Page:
The Philippine government has rejected an appeal by Islamic nations for a ceasefire and is instead offering a bounty for the capture of Habier Malik, a man they say is leading a splinter faction of the MNLF.
Government officials say the peace accord with the MNLF remains in place and that troops are only fighting Malik's break-away group.
They say they believe Malik's faction has close ties with the Abu Sayyaf - a group labelled a terrorist organisation by the US and said to have links with al-Qaida.
Last week Malik's group was blamed for mortar attacks on two marine camps and houses on Jolo island.
That attack has since sparked an increasingly fierce round of tit-for-tat fighting with the military now offering a $21,000 reward for information leading to Malik's capture.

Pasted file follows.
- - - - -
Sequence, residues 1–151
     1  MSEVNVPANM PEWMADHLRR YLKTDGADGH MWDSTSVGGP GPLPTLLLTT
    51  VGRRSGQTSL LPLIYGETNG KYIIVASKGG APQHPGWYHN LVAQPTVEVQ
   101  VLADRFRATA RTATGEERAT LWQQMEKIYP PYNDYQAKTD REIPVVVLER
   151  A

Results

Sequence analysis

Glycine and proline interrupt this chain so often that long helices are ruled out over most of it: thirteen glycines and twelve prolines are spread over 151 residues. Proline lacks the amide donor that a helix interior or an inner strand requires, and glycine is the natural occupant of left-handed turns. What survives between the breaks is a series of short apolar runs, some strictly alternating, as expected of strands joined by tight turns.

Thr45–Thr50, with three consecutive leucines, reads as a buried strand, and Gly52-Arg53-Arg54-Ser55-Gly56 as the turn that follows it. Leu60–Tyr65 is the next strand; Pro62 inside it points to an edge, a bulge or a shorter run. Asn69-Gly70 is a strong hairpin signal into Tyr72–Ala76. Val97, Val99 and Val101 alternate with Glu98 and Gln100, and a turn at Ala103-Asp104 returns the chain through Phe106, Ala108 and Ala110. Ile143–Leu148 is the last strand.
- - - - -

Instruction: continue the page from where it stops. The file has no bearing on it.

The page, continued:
Since the original 1996 ceasefire the military has integrated hundreds of former MNLF fighters into specially formed divisions working alongside government troops.
But the original MNLF has split into many different factions and, while its main leader, Nur Misuari, is in government custody, some 500 MNLF members are on the run.
Many of them are said to be frustrated, saying that the implementation of the peace pact has been ineffective and development that was promised at the time has not come – sentiments shared my many in Muslim-majority Mindanao.
Amina Rasul of the Philippine Council for Islam and Democracy, told Al Jazeera that more than 10 years after the peace accord the region remained a "basket-case" of the Philippines.
"Now where are we?" she said. "We have very little access to public services, we are poorest of the poor."
Rather than the development that was promised, she says, the region has instead slipped backwards with the country's highest illiteracy rates and highest incidence of conflict.